Cleveland says no
Like most of the hollowed-out rust belt cities along the Great Lakes, Cleveland has an almost toxic inferiority complex under a belligerence that it's earned. The damned river doesn't burn anymore. What else do you want?
It’s important to understand that Cleveland is actually two cities. There’s the West Side and the East Side. The East Side is actually the original city on the east bank of the Cuyahoga River. On 22 July 1796, a surveying party led by General Moses Cleaveland landed and began laying out town lots. General Cleaveland felt it was a fine place for a city. With that assertion, he promptly departed and returned to civilization — aka Connecticut — and never returned to the city named for him but misspelled by one of the original surveyors.
Things were slow to get started in the little town on the banks of the crooked Cuyahoga River with only 150 determined souls settling the place by 1820 (by contrast, New York City had a population of 123,706 in 1820). Being situated on the lake and next to the river, however, meant that trade would come and people always follow trade. Things picked up after the opening of the Erie Canal in 1825 which provided a direct route to get goods to the east coast.
Eventually, people began moving across the river and the West Side was born.
Where the East Side is a rabbit’s warren of curved, snaky streets and dead ends, the West Side is mostly a very orderly grid. The East Side has the museums, Severance Hall for the world-class Cleveland Symphony, the Cleveland Clinic, and University Circle. The West Side has many bowling alleys and thousands of two-family wood-frame homes.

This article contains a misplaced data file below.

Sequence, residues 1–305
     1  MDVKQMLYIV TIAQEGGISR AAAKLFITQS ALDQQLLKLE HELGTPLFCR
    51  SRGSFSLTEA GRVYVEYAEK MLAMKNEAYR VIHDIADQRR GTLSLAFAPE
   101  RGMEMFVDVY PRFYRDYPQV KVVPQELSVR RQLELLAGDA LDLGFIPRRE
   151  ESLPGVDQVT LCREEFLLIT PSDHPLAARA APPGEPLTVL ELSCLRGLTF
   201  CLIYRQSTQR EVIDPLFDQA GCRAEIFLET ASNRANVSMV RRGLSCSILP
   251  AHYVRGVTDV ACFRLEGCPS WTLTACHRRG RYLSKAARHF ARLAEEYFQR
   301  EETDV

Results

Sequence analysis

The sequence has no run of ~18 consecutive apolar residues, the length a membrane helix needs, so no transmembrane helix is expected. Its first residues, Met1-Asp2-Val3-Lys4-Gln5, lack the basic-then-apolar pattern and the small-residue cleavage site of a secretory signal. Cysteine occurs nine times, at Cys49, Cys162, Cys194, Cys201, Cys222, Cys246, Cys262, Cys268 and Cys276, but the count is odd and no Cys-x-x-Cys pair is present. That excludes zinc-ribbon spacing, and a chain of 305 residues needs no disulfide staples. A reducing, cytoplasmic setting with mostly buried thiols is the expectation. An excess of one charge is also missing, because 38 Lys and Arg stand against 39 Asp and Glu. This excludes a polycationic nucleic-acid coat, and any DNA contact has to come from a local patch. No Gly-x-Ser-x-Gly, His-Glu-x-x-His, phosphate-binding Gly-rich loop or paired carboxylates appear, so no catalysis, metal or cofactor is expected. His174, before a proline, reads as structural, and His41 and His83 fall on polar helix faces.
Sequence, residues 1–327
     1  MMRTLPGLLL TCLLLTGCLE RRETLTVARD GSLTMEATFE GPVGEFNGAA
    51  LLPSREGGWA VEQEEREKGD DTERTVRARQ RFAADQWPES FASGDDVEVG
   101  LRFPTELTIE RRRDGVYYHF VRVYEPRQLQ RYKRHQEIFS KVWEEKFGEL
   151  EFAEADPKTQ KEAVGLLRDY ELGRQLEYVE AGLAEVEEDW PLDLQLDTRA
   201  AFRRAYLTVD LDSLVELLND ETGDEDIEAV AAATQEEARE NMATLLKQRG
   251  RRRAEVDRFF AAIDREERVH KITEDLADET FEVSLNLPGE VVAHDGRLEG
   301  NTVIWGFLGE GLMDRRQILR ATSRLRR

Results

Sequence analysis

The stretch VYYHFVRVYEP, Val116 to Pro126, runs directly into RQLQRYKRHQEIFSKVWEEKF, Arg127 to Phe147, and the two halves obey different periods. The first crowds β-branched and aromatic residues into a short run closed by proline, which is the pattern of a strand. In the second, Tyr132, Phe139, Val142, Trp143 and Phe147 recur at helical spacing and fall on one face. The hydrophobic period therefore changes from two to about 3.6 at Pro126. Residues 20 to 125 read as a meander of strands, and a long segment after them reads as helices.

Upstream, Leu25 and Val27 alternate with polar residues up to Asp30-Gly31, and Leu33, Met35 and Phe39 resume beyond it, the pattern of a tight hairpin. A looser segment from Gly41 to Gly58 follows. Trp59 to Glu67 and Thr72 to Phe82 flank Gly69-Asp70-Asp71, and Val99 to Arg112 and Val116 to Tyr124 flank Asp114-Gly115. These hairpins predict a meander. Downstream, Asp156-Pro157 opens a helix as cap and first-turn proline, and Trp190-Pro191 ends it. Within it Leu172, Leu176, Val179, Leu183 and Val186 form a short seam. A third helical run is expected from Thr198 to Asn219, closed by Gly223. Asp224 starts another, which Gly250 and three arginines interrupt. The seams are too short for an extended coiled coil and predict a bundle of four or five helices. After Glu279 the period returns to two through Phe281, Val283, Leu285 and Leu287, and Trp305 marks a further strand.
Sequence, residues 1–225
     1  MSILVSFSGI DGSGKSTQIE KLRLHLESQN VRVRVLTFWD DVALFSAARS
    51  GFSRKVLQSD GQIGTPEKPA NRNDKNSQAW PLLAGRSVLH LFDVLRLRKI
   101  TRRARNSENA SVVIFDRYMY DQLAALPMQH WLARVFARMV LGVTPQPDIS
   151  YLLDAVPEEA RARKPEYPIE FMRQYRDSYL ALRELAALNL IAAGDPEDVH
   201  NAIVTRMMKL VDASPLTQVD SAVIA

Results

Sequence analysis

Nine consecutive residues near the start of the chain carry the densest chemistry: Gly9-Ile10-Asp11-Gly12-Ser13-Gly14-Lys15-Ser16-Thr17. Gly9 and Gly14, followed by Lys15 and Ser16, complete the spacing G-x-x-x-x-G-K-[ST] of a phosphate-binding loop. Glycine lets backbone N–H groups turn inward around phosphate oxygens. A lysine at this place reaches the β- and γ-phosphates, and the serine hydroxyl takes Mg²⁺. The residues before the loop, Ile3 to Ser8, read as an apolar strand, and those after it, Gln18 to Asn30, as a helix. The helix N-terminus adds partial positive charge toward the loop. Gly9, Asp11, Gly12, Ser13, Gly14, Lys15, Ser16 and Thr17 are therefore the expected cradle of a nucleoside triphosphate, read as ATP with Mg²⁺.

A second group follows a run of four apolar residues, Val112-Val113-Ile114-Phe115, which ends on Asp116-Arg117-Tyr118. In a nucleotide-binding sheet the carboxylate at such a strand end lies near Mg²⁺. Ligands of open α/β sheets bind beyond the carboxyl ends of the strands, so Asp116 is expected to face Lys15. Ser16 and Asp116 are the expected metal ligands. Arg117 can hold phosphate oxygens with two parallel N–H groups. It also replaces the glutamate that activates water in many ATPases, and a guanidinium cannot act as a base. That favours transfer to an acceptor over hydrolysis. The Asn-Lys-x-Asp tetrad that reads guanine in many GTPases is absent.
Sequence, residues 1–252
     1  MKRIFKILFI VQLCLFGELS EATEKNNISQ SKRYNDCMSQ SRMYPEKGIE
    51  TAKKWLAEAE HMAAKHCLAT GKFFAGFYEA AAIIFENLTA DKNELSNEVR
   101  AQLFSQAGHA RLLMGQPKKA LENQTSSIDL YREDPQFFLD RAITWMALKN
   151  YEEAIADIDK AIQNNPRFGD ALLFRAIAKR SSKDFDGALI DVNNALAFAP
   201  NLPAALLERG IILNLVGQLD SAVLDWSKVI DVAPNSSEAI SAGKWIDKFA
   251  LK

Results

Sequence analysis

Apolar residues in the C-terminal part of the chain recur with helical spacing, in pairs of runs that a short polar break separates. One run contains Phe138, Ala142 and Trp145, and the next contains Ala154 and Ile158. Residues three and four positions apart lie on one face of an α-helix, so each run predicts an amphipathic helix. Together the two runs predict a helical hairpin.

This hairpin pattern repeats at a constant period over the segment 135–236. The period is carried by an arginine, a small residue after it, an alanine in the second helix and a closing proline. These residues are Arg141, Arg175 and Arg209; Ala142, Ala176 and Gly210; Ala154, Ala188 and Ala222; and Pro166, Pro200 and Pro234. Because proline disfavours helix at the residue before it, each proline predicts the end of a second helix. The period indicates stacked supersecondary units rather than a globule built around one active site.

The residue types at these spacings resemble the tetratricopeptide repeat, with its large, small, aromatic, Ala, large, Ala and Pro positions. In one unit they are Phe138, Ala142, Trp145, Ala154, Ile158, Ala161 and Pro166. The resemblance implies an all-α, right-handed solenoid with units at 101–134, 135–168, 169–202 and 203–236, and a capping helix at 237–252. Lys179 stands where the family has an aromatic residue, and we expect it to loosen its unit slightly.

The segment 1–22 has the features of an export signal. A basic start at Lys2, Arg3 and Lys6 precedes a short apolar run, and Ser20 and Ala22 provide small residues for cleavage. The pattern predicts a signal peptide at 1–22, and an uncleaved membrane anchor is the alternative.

Cleveland like all the cities ringing the Great Lakes suffered badly in the ‘70s. The movement of heavy manufacturing to other countries with the accompanying loss of decent-paying jobs decimated the tax base. Young men without college degrees couldn’t buy the kinds of homes that their fathers had while those same fathers struggled to pay property taxes.
Lorain Avenue, one of the main drags on the West Side, was lined with vacant storefronts.
Like most of the cities that ring the Great Lakes, Cleveland had its glory days during and after World War II when heavy manufacturing ruled. At its peak, the population of the city flirted with one million but it got gutted like all the major manufacturing cities by trade deals that sent manufacturing to other countries. After all, who wants to pay union wages and ensure a stable economy?
The maelstrom of manufacturing may have contributed to a healthy middle class but it took its toll on the environment. The build-up of toxic waste in the river became the stuff of legend when the river burned (again) in 1969. Many industrial cities had trouble with the toxic waste in their rivers catching fire, but it wasn’t until 1969 that enough people freaked out about it to take action.
But that burning Cuyahoga along with the decimation of the middle class and the race riots of the late ’60s and early ’70s saddled Cleveland with the hated nickname of Mistake on the Lake.
Mistake? Well, the city itself is pretty wonderful sitting as it does right on its own inland sea, the most treacherous of the lakes due to being the most shallow. No one knows how many ships are quietly corroding under its waves.